Friday, January 21, 2005

Shabbat Around Town

We participated in another yearly Temple Micah event tonight. Shabbat Around Town is a substitute for Friday night services, whereby temple members have other temple members to their homes for dinner. For some reason, we seem to always be cooking rather than going to someone else’s house to eat.

We had 9 people for dinner tonight, including David and me, ranging in age from 3 to 89, and averaging well above our ages. But these elderly people are truly an inspiration.

Florence (89) is recently widowed. She is on a plane tomorrow at 7:30 AM bound for Argentina, where she will take a study-cruise around the tip of Argentina and up the Chilean coast. She asked to borrow a couple of good novels to read on the trip. And, oh yeah, she brought homemade chicken liver to the dinner.

Gail (86) is an accomplished pianist, who still teaches. She gave us a mini concert, in which she played some of the most challenging music I have ever seen. Her eyesight is no longer so good, so she just memorizes everything.

Mollie (75) is the daughter of German refugees who escaped just one week before Kristallnacht. She was a docent at the Corcoran and has a deep love of music. I met Mollie when her husband was terminally ill and we became close friends soon after his death. She brought 2 beautiful salads and a cake to the dinner.

Lora (around 60? and Gail’s daughter) is in the Opera House Orchestra as a clarinetist. She has taught for many years at the college level and privately and loves all sorts of music. She brought a beautiful homemade blackberry pie with a latticed crust.

Frank (Lora’s husband, who is not Jewish) and their 2 grandchildren, Danny (3) and Timmy (6), rounded out the guest list. Frank spent a lot of the evening keeping Danny and Timmy from killing each other, which was not easy. Danny bit Timmy twice and Timmy slammed Danny’s hand in the front door in retribution – tit for tat! I had gotten 2 boxes of “special toys” out of the attic. Seeing the boys play with them brought back memories of my own children playing with them.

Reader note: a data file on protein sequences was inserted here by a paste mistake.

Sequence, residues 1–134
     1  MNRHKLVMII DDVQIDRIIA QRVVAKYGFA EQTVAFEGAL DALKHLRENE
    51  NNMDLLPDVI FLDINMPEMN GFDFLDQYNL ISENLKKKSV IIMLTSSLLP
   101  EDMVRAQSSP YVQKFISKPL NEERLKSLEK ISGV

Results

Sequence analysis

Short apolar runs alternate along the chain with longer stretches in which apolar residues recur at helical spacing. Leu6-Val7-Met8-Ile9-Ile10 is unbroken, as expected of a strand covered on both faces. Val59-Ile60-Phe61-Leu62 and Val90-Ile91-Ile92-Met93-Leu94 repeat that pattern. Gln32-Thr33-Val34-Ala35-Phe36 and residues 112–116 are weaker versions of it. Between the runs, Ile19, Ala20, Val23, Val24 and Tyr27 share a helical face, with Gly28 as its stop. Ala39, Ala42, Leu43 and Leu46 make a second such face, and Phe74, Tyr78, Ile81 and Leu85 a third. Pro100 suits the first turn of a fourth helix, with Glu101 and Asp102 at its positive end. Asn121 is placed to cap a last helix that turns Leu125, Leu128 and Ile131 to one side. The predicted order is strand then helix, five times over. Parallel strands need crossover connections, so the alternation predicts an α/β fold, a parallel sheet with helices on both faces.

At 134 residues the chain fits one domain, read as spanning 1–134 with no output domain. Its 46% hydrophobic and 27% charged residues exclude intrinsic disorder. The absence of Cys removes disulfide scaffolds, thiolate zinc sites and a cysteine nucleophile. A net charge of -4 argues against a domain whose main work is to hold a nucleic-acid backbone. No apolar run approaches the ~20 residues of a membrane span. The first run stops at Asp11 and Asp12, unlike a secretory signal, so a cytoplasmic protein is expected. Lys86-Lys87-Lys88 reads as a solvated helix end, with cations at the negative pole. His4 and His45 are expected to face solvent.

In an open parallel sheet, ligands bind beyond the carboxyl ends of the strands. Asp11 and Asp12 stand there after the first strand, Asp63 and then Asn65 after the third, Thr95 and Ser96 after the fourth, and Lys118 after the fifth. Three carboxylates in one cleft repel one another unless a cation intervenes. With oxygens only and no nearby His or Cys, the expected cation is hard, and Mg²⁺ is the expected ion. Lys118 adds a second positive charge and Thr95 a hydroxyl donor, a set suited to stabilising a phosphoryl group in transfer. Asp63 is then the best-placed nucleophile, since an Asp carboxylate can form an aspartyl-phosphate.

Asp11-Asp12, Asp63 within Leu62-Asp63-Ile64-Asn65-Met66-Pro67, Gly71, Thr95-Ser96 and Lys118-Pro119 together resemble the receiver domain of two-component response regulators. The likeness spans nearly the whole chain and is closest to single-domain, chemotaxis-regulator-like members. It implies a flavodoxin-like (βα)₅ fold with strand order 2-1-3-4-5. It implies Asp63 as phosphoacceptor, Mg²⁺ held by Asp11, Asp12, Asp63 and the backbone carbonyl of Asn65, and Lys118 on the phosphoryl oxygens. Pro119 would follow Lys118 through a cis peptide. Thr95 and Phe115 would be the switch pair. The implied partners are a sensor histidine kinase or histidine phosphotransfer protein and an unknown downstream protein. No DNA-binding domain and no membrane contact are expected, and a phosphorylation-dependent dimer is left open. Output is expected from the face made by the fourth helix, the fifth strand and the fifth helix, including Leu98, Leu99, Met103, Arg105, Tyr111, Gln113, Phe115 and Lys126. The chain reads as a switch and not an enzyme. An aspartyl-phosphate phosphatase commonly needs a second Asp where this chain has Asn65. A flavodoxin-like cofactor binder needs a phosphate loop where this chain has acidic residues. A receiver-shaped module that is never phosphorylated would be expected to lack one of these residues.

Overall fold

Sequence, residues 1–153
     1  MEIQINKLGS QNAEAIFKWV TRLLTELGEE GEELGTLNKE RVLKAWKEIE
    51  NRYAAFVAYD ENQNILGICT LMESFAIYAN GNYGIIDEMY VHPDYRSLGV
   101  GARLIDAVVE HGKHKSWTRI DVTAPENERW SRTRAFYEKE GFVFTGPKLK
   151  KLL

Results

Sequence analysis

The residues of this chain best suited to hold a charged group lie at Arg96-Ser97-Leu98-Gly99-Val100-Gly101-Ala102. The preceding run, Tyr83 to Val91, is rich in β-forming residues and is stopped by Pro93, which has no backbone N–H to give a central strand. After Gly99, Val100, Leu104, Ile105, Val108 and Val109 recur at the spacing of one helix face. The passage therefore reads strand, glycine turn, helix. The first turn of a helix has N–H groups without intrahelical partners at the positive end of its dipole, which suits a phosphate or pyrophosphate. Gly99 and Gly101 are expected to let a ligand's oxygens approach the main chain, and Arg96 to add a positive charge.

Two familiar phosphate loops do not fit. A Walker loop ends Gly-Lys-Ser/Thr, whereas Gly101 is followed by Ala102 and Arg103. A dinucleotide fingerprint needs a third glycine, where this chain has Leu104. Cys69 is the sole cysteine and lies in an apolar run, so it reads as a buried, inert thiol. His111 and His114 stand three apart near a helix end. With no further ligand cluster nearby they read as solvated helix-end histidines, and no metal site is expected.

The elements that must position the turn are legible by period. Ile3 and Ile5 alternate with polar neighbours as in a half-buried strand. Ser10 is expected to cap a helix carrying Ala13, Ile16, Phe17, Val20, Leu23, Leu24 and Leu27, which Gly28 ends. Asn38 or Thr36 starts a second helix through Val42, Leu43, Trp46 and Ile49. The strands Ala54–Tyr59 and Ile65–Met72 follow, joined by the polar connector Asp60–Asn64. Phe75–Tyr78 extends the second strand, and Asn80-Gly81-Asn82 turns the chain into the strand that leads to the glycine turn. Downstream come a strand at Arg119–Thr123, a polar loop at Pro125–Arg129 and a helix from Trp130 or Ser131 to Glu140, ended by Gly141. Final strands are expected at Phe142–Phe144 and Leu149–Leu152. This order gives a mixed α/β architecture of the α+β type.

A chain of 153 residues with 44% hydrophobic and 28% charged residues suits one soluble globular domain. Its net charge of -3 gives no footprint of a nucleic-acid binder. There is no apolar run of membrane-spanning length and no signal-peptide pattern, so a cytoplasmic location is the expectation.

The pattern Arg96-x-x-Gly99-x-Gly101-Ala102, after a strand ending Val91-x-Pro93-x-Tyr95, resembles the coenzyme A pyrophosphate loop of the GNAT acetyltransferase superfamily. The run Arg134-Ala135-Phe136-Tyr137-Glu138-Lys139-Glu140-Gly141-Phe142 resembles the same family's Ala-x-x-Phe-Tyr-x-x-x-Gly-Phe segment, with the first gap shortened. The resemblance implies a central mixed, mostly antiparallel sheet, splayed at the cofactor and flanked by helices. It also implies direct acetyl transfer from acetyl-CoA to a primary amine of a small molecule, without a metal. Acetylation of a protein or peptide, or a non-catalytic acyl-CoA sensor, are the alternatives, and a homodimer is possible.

We did the Shabbat candle-lighting, with all of the women saying the prayer together. Then we did blessings over the wine and bread. That was about the extent of the liturgy. When we do have a special Shabbat dinner, it makes me wish we had done this every week with our children, who probably never even think about the fact that Shabbat starts at sundown on Friday night!

We had a very simple dinner. One of the things I talked to my therapist Anne about this week was how to have more fun when entertaining other people. At her advice, I chose a menu that required very little work, could be made ahead of time, and could not fail – purchased challah, roast chicken with lots of onions and herbs, arborio rice cooked in chicken broth, asparagus with Hollandaise sauce, and fresh fruit. When people offered to bring things, I gladly accepted instead of my usual, “You don’t really need to bring anything.” Out of that I got the chicken liver, 2 salads, a pie, and a cake. David and I clearly decided who was doing what ahead of time and pretty evenly divided the work. In fact, he is downstairs cleaning up and I am playing on the computer right now. It turns out that most people really do like plain food like this menu. And the stories that both Florence and Mollie told about buying live chickens in Brooklyn in a bygone era were priceless.

The music was a most special part of the evening. Gail played two very difficult pieces. Timmy (who has been taking piano for a year) played “The Juggler” with his legs crossed at the ankle and not reaching the floor. Then Lora and I played piano-clarinet duets. It was her music, so I was sight-reading everything for the first time. If I had thought about it too hard for very long, I would have been intimidated. But instead I just played and enjoyed every minute of it. The very good news is that I think we might play again some time. And I am definitely going to play some 4-hand piano pieces with Gail. I’m still really into this idea of playing with other people! It is a great feeling.

This was a really good evening, partly because it brought together so many generations. It reaffirmed my love of Temple Micah because it is about so much more than just religion. These people are truly our friends.


Anonymous Anonymous said...

You are truly blessed to have so many wonderful, interestin friends. They are all truly blessed to be able to count you as their friend. FL

8:43 AM  

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